Rule 36. When two walls of a room are to be represented about equally, the drawing should have two vanishing points for the horizontal lines of the walls and lines parallel to the walls.
Fig 46 represents three walls of a room, the picture plane being at right angles to a line from the eye to the centre of the subject. As the eye is nearer the wall at the left than that at the right, the horizontal lines of the end of the room are at an angle to the picture plane, and vanish to the right. The lines of the other walls vanish at point CV in AB, and the drawing is very unsatisfactory, for all at the left of AB is distorted. If Fig. 46 is viewed from a station- point opposite CV and about 3" from the paper it will not appear distorted.
Fig. 47 is a perspective drawing on a plane parallel to the end of the room. It is the best drawing that can be made, and illustrates Rule 32 ; its station-point is about 3" from the centre of the picture.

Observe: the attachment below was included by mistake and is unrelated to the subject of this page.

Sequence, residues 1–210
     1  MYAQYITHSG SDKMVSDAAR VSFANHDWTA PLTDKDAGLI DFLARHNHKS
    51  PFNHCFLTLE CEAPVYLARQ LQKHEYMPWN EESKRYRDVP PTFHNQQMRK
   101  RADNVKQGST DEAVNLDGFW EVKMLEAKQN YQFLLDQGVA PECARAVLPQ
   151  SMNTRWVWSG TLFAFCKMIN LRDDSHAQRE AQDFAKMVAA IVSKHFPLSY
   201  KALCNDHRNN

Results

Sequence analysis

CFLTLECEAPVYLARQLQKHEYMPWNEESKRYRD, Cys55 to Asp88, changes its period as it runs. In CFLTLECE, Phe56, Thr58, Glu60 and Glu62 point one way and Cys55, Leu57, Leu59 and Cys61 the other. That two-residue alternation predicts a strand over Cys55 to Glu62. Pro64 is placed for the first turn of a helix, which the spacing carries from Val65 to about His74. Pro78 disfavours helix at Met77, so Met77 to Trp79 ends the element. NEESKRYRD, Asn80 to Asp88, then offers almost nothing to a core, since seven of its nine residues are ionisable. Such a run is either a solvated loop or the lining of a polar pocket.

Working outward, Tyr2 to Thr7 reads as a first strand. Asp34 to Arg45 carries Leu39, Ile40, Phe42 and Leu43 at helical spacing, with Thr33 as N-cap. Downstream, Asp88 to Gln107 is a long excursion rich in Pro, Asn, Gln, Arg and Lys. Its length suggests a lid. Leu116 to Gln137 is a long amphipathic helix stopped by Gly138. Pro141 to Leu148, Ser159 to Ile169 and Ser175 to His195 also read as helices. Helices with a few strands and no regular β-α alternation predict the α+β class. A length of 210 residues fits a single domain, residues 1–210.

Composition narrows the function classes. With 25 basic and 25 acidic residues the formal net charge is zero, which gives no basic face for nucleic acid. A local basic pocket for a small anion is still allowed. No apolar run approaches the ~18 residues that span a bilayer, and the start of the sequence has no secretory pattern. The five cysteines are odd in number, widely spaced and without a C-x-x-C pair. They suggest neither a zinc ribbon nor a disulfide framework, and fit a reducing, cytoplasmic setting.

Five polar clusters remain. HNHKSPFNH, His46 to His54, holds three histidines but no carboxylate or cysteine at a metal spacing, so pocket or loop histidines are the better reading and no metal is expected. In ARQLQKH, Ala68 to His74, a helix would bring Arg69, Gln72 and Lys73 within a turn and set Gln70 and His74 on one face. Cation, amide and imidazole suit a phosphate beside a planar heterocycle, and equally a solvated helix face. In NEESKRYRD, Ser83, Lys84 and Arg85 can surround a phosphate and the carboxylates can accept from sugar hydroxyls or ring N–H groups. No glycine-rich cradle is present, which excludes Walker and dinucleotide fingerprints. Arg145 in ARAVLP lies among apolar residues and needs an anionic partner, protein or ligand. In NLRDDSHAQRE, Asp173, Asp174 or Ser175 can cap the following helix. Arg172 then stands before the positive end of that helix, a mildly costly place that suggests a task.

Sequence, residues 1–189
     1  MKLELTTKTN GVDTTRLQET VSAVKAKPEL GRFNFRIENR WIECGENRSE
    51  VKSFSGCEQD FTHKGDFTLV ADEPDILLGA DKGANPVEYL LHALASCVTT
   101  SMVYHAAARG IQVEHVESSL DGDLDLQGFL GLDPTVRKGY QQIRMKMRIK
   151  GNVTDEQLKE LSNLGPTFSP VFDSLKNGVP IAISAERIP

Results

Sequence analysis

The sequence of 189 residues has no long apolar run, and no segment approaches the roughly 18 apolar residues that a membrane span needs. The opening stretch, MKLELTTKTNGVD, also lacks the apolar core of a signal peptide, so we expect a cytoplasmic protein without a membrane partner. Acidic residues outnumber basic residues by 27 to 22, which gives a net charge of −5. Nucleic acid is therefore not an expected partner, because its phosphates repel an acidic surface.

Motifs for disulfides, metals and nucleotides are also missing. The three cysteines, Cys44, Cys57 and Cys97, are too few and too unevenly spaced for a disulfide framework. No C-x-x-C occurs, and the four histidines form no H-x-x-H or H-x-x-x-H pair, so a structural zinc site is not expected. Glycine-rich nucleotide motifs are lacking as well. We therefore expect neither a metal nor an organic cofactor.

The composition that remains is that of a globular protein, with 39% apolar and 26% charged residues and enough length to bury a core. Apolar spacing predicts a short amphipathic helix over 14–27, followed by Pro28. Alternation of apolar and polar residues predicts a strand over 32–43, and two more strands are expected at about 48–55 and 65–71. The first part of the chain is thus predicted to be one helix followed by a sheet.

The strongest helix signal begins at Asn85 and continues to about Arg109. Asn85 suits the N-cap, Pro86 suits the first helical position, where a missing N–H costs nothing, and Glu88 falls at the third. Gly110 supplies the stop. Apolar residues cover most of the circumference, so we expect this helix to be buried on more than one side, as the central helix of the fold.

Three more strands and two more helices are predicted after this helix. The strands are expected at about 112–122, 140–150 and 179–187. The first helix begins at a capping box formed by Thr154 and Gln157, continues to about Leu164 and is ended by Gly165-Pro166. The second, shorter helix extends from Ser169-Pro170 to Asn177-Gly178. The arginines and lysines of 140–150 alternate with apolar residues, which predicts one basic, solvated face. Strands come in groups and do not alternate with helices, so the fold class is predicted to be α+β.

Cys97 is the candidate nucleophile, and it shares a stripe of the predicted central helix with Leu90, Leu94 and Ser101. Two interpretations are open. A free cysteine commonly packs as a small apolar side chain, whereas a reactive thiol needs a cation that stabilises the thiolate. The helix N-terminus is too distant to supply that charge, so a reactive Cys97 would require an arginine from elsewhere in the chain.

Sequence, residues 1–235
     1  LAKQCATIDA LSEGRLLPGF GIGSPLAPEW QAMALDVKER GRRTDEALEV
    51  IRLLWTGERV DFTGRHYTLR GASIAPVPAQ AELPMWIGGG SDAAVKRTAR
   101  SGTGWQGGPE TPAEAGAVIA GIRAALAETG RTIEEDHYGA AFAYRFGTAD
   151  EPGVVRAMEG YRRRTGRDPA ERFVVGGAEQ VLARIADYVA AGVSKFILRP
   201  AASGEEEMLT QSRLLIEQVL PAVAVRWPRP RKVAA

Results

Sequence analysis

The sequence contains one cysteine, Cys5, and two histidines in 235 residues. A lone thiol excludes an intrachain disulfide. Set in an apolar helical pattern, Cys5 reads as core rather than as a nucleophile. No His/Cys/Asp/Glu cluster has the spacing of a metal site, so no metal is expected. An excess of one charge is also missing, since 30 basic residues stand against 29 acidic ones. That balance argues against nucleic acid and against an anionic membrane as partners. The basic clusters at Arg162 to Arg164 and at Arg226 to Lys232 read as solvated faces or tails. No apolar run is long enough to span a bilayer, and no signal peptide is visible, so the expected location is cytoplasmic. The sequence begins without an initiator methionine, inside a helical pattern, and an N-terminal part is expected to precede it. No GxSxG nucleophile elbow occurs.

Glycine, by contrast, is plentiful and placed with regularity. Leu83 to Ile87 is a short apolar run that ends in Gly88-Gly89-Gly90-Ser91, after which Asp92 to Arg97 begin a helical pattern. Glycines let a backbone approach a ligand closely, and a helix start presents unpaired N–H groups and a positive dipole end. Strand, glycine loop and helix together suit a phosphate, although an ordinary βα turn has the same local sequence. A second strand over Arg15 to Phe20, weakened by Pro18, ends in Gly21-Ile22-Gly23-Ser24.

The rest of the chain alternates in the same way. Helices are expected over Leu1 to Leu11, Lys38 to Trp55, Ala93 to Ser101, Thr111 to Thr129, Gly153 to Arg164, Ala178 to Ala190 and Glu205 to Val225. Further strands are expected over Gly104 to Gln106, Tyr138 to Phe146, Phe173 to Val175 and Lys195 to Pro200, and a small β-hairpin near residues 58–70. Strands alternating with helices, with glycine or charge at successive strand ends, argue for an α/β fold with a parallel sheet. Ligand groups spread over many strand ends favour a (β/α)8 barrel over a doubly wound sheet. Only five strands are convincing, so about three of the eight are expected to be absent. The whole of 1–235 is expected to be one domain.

In drawing interiors the artist will generally represent the actual visual proportions of his subject as far as this can be done by representing straight lines by straight lines, but he will always give the actual appearance of separate objects and details of the subject, unless it is necessary to show the positions of these objects with reference to the principal lines of the room. When furniture or other details have their lines parallel to those of the walls, the artist is obliged to make practically the exact parallel perspective drawing illustrated by Figs. 34, 37, 43, and 47. The artist may sometimes depart from the proportions of these parallel perspective drawings and give the foreshortening seen in horizontal and vertical dimensions, but when subjects similar to those mentioned above are to be represented, it is generally-best to make the exact perspective drawing which requires to be seen from one fixed point.